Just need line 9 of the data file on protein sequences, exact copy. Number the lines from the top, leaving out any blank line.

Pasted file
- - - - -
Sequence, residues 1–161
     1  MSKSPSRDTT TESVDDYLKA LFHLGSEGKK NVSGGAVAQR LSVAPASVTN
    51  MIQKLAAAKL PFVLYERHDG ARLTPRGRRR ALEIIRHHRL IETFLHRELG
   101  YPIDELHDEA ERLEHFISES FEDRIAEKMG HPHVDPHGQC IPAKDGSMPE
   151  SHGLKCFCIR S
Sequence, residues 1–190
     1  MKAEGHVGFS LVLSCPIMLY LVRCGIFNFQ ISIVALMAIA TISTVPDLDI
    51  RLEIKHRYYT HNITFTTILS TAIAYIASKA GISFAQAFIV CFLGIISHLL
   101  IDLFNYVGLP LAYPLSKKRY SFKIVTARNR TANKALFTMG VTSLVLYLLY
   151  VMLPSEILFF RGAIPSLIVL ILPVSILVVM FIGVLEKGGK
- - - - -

   101  IDLFNYVGLP LAYPLSKKRY SFKIVTARNR TANKALFTMG VTSLVLYLLY